skip to Main Content

Passport for English Man in Scotland

Permission to Pass in Scotland’s Middle March
A copy of a letter allowing an Englishman to pass through the Middle March of Scotland.

Each town in Scotland had its legal representations recorded in a protocol book. Selkirk is fortunate because local interest and expertise has discovered an account of the daily events of the town in the 16th century.

This letter shows an instruction by Kerr to allow an Englishman to pass freely in the East March of Scotland. We can imagine the fear and distrust of strangers that required this sort of safe conduct. Without it the traveller from England could be robbed, attacked, ransomed or killed. Scots needed a similar safe conduct for travel in England.

Copy of a conduct to pass and repass in Scottish Borders.

“Be it kend tyll all men by thir present lettres me Valter Ker of Cesfurd knycht vardan of the middill merches of scotland granttis me to haif giffin licens and saiff conducte to W. G. of S. Ingliss man and twa servandis with him to pass and repass horss and futt within the bowndis of my vardenry with all leful merchandriss menyng the spaice of my office or quhill I dischairgis the samyn providing all wais the said William nor his servands do nor procuyr ony thing to be done hurt[ful?] or preiudiciall to our soverane ladies realme and leigis and for mair verificatioune of the samyn I haif subscrivit this my saiff conducte at Halidene with my hand the x day of July 1563.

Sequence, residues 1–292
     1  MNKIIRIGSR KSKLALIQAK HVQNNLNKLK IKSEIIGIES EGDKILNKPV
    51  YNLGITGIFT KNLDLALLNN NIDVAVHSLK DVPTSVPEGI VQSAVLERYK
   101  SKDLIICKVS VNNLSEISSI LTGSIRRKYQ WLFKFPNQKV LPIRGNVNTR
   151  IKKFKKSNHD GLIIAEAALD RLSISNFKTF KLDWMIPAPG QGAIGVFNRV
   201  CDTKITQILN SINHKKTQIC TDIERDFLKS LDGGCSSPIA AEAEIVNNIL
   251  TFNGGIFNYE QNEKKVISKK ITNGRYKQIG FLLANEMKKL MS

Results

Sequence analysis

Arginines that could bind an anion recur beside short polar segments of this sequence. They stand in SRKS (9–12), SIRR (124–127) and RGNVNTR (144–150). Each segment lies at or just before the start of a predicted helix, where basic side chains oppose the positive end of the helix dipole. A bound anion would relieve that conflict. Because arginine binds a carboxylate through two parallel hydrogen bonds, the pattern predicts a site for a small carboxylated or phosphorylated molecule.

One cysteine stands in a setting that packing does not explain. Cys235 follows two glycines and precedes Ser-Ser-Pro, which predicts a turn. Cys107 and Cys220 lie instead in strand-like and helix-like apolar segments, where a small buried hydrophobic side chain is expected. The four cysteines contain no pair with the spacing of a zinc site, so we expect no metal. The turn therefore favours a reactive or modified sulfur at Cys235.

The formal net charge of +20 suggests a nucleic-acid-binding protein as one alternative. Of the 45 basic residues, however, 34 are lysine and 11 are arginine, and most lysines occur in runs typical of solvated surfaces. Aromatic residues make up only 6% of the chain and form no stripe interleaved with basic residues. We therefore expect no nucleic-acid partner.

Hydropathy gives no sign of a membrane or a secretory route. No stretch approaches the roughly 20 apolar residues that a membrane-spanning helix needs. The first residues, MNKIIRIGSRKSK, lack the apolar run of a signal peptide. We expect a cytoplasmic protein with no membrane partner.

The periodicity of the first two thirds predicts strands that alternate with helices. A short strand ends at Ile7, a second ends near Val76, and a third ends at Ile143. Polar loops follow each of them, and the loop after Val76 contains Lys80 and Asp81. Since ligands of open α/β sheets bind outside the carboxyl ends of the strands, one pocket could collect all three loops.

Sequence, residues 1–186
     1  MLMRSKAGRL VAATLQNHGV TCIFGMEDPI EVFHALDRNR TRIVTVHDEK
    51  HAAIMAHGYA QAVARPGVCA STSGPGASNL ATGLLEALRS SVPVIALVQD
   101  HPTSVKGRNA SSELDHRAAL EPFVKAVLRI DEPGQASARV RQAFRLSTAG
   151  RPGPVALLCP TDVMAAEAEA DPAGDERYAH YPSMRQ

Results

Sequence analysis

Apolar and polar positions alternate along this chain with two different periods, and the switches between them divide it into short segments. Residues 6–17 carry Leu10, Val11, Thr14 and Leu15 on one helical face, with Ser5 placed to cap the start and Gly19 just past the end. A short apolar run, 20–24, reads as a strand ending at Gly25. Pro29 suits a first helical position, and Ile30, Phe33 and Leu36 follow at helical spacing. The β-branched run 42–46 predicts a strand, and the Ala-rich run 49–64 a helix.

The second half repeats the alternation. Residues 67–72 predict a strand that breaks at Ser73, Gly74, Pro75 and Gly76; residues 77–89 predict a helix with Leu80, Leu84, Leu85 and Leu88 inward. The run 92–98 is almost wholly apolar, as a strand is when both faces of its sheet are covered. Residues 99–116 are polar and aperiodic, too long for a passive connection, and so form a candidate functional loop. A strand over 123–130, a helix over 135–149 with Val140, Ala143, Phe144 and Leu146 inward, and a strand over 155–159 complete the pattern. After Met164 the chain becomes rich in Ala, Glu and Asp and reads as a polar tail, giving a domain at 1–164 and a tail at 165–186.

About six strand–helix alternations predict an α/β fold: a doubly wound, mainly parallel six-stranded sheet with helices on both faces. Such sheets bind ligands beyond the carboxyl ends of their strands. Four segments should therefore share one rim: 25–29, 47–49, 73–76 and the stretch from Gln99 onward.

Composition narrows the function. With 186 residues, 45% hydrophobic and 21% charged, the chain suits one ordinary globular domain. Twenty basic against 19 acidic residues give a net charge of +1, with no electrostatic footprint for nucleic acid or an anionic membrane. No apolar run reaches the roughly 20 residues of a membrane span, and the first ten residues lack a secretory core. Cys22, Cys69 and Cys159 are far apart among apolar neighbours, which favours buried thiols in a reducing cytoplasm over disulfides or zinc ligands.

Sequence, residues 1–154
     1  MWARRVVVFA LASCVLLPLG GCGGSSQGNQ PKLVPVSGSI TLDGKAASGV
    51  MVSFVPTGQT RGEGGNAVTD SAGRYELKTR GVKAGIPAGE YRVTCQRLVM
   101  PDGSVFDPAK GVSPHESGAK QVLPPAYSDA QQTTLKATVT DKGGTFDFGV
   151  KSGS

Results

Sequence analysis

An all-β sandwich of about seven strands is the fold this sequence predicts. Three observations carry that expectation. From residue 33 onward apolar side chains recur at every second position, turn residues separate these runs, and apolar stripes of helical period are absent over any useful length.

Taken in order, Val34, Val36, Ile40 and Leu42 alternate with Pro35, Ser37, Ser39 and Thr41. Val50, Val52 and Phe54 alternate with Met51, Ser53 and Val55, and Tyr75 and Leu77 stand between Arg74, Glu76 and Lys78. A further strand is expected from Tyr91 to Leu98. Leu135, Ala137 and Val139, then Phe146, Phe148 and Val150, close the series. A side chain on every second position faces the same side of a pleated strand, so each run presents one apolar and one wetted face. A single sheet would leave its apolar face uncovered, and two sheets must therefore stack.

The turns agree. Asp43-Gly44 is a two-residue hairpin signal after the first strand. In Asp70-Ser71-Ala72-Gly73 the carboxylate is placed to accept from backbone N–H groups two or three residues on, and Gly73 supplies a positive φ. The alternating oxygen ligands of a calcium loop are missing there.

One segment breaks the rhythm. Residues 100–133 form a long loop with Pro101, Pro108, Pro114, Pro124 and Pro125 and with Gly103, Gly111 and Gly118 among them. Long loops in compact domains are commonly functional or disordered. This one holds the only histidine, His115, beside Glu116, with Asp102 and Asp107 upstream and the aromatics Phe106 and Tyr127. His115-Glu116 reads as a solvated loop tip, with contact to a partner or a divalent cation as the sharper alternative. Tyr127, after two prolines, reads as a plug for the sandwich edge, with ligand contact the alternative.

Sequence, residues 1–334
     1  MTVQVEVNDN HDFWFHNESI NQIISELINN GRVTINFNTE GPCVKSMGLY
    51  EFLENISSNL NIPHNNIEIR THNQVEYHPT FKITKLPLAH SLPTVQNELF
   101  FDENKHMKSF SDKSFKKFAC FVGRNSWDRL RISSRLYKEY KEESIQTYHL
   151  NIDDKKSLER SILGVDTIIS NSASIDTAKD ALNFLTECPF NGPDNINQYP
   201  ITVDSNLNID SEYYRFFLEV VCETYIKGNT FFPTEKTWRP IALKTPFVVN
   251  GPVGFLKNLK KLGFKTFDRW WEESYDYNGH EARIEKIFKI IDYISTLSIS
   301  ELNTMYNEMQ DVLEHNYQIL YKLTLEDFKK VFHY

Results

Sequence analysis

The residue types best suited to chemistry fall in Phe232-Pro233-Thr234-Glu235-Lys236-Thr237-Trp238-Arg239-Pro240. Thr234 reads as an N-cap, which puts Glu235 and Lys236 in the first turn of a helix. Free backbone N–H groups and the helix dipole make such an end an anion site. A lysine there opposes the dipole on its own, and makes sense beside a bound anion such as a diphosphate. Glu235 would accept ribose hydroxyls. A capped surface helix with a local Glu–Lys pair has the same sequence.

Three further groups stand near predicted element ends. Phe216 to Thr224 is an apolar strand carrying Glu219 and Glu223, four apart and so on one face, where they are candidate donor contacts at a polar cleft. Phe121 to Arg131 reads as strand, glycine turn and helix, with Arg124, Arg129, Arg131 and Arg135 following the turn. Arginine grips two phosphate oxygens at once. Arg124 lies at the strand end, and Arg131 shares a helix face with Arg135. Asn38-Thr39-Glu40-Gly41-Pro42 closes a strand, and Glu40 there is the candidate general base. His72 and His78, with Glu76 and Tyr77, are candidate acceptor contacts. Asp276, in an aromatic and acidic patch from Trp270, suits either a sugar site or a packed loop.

Transcription and interpretation
Let all men know that I, Walter Ker(r) of Cessford, knight Warden of the Middle March of Scotland, grant safe conduct to W.G. of S. an English man and two servants with him to pass and re-pass on horse and on foot within the boundaries of my Ward [March] with all lawful merchandise providing always that William nor his servant do not cause anything hurtful or prejudicial to your sovereign lady’s realm and people. I have signed this safe conduct at Halidene on 10th July 1563.

File Selkirk Scot passport PN Record L1007

Back To Top